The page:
Professor Stephen Powis, NHS England’s National Medical Director, said: “I am truly honoured to be recognised with this award. It reflects the passion, focus and sheer determination of NHS staff during the pandemic, as we tackled the biggest health threat of a generation.
“That dedication continues as teams across the NHS address the backlogs that have built up, in the most ambitious catch-up plan in NHS history.
“It is an enormous privilege to work alongside so many staff and volunteers who have repeatedly gone over and above to make sure others are cared for and protected.”
Ruth May, Chief Nursing Officer for England, said: “I am proud to receive this award and I do so on behalf of the nursing and midwifery professions who use their expertise to care for us throughout every stage of our lives in hospitals, in our homes and in the community each and every day.
“The last two years have been incredibly challenging for our professions and I am grateful for the role that nurses, midwives and care staff have played during the pandemic. While I have always known how remarkable our health and care professions are, the pandemic has shone an even brighter light on their extraordinary work.
“I have never been prouder to be a nurse and choosing to dedicate my career to working in the NHS has been one of the best decisions I have ever made.”
Angela Knight Jackson, NHS England’s Deputy Director for Nursing Professional Development, said: “I am overjoyed to receive an MBE and be honoured in this way. As a first-generation descendent of Windrush, I stand on the shoulders of giants. For 40 years I’ve had an amazing journey working as a clinician, in academia and as a senior leader and would like to thank my incredible colleague’s past and present who have supported me.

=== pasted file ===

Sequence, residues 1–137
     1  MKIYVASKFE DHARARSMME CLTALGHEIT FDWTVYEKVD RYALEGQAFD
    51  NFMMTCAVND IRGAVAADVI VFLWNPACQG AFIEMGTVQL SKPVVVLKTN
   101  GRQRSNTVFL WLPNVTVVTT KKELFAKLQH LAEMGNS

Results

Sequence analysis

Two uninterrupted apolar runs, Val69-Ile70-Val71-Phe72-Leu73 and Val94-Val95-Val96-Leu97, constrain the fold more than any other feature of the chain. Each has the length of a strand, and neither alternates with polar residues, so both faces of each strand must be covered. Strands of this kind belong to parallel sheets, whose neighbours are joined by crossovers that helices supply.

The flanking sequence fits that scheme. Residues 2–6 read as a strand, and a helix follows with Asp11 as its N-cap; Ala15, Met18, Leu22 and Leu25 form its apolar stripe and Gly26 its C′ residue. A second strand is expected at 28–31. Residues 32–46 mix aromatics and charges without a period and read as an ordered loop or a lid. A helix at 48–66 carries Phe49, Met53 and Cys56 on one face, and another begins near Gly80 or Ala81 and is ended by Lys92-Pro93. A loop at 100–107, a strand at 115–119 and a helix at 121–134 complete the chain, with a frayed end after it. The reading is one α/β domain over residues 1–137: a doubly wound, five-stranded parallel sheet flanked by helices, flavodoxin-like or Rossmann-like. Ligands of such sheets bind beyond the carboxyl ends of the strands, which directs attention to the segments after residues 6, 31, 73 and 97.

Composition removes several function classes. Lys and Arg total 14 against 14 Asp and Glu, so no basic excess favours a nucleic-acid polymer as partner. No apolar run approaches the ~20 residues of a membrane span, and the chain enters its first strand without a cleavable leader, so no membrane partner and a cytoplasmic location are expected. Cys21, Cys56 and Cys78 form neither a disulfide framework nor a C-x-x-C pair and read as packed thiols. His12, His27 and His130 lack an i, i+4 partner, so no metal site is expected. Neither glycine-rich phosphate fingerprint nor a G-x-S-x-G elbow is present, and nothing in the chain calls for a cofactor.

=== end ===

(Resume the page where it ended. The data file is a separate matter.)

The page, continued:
“It is an absolute privilege to be part of the NHS and to have the opportunity to work with so many phenomenal and dedicated colleagues and serve humanity”.
Sue Doheny, Regional Chief Nurse for NHS England in the South West, said: “I am humbled by this extraordinary recognition. I accept it not for myself but on behalf of all the nurses, midwives, students and those in the caring professions across the South West, where I have spent the most recent six years of my career. Any achievements I have had are as a result of working alongside such dedicated professionals, learning from them, and using that learning to improve care for patients. When I receive the award in person, I shall think of them all in that moment”.
Richard Barker, NHS England and NHS Improvement Regional Director for the North East and Yorkshire, began his career in the NHS 38 years ago as an information officer for Sunderland Health Authority. He has been made a CBE in this year’s honours. He said: “I am absolutely delighted to be the recipient of this honour. Few achievements are those of a single individual and this is a reflection of the wonderful support I have been fortunate to enjoy from my own family and the wider NHS family, both past and present.
“It is incredibly rewarding to play some part in helping others achieve their potential, just as I have benefited from the encouragement and insight of so many talented colleagues, committed to patient care and the ethos of service”.
Amy Bell, Emergency Care Assistant for Yorkshire Ambulance Service NHS Trust, received a special Platinum Jubilee Medal for her service, she said: “I was a member of the ambulance crew which responded to a York hotel for the first suspected cases of COVID-19 in the UK. I’m so proud to receive my Platinum Jubilee Medal in recognition of working on the frontline of an emergency service. It’s a real privilege to serve the public and help them when they are most in need”.